Bob Seay is a writer who also teaches band, choir, and guitar classes at Lamar High School in Lamar, Colorado. He ran for Congress in 2016 and notes that “two out of three voters felt that he should continue teaching.”

SunLit: Tell us this book’s backstory. What inspired you to write it? Where did the story/theme originate? 

Bob Seay: “Dad” is an unconventional coming-of-age love story. The story is probably more autobiographical than most works of fiction, although the names and details of some events were changed. 


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Like Jacob, I received a 2 a.m. phone call from my brother who told me that our father, who was in the early stages of Alzheimer’s, had driven off without telling anyone. We later learned that he was driving across the country  because he wanted to visit me in Colorado. Dad was lost in Kansas City when the police found him. I immediately left to go pick him up. It was a long night.

The main theme is love — love within families, even when they don’t exactly agree on everything; love between strangers who are also going through hard times; and ultimately about loving yourself enough to pursue your dreams. 

SunLit: Place this excerpt in context. How does it fit into the book as a whole? Why did you select it?

Seay: This excerpt is Chapter Two. I selected it because it introduces the main characters, shows Dad’s problem, and sets up the premise of the book. 

SunLit: Tell us about creating this book. What influences and/or experiences informed the project before you actually sat down to write? 

Seay: This is horribly unromantic and geeky, but “Dad” began as an intellectual exercise. I wanted to see if I could write a novel in first person, present tense. This was something I had not done before. 

The first person narrative felt very personal, so it made sense to use a personal story as a starting point and go from there. Parts of “Dad” are exactly like what happened in real life. Other parts are completely made up. I’ll let the readers decide which is which. 


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SunLit: Once you began writing, did the story take you in any unexpected directions? If so, how would you describe dealing with a narrative that seems to have a mind of its own?

Seay: Absolutely! Amelia, who ends up being a major character, did not exist in the first draft beyond a brief introduction in a restaurant. She didn’t even have a name at that point. 

Jacob is another example of a character going his own way. I wanted Jacob to grow, but I wanted that growth to be consistent with his character. There were things I wanted Jacob to do or say that a guy like that simply would not say or do. I wanted him to be realistically consistent. 

SunLit: What were the biggest challenges you faced, or surprises you encountered in completing this book?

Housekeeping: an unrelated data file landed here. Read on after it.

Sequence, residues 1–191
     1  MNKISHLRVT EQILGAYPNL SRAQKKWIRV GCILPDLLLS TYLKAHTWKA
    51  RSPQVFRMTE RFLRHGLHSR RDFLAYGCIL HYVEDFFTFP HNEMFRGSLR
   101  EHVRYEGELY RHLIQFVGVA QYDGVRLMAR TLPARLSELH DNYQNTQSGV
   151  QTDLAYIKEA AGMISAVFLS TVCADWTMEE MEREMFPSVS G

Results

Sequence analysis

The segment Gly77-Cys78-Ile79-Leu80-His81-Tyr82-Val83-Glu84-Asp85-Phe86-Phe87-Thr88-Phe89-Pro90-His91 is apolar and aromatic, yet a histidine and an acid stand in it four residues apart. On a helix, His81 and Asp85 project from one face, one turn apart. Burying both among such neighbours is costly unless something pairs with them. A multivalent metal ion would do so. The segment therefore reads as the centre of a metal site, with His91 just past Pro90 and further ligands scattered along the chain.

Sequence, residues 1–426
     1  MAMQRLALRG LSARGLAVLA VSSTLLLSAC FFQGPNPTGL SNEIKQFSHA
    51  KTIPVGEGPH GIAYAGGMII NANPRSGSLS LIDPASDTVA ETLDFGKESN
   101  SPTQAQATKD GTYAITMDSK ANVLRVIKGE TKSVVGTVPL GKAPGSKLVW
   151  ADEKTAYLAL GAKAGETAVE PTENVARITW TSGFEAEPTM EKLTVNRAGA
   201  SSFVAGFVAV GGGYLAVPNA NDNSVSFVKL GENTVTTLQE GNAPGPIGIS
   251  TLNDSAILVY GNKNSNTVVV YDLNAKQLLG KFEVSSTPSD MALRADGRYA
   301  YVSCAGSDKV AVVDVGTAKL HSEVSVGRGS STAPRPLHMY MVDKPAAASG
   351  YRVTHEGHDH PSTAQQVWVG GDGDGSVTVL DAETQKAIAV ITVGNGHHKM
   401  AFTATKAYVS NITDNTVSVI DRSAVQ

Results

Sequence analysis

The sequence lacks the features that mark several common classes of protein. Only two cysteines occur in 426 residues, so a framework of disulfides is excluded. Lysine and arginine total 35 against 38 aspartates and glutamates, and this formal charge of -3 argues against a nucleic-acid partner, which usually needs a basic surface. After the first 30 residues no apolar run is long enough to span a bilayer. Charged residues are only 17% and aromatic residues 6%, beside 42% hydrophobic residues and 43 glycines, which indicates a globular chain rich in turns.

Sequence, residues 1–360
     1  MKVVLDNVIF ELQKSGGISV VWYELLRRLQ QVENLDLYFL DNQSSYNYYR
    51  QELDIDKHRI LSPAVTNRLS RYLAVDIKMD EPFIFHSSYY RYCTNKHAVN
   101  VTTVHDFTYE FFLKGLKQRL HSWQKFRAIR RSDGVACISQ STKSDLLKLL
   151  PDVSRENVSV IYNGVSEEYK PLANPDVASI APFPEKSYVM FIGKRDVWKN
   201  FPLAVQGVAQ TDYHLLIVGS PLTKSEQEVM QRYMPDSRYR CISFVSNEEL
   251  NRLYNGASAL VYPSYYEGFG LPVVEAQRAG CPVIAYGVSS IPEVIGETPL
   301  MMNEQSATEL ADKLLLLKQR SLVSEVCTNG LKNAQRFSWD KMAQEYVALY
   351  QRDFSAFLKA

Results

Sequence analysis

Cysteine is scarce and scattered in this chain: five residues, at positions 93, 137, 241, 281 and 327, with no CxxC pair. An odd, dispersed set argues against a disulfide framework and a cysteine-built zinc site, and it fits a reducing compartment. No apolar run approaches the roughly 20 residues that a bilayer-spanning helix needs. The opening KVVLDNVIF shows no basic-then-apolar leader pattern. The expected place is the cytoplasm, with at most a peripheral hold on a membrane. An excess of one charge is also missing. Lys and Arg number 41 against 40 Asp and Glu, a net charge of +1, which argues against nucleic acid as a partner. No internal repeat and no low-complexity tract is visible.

Seay: The biggest challenge was writing the story of someone with Alzheimer’s without making it so depressing that no one would finish the book. How do you include humor in a story like that? How do you treat a character with respect while at the same time conveying  the indignities of cognitive decline?

SunLit: Has the book raised questions or provoked strong opinions among your readers? How did you address them?

Seay: The strongest reactions have been about the treatment of religion in the book. Jacob’s experience with religion is very different from his siblings, but they ultimately share common values. 

SunLit: Walk us through your writing process: Where and how do you write? 

Seay: I’m a morning writer. I wake up, without the help of any alarms, around 3 or 4 every morning. Then I go to my little office and start writing. 

I am also a plotter. My outlines are probably more detailed than most people’s first drafts. If it’s just not working that day, then I’ll work on the outline of the chapter or the story. 

If I listen to any music, it’s Haydn string quartets. Music with lyrics is just too distracting. Haydn is perfect! 

SunLit: Jacob has a rather unusual job of writing research papers for college students. Why did you choose that as the way he makes his living? 

Seay: Jacob’s job is a plot device. I wanted him to be able to talk about a wide range of topics but I also wanted him to be credible. Jacob’s monologues about the Stanford Marshmallow Test or the Waffle House Index or other random topics would make no sense coming from most characters. 

As a research paper writer, he can talk about almost anything. All he has to do is say, “I wrote a paper about that.” It’s his superpower. 

SunLit: Is Jacob’s job also autobiographical? 

Seay: I’ll answer that once the statute of limitations for that kind of thing has expired. 

SunLit: Tell us about your next project.

Seay: I am currently working on book three in a series of cozy mysteries set in Boulder. Gabriella Alegré is an artist who draws caricatures on Pearl Street. She is also an accidental detective who gets pulled into solving murder mysteries. 

This is very different from my other books, not nearly as introspective as “Dad” or my other book, “The Band Room.” Once I complete this trilogy, I want to get back to literary fiction.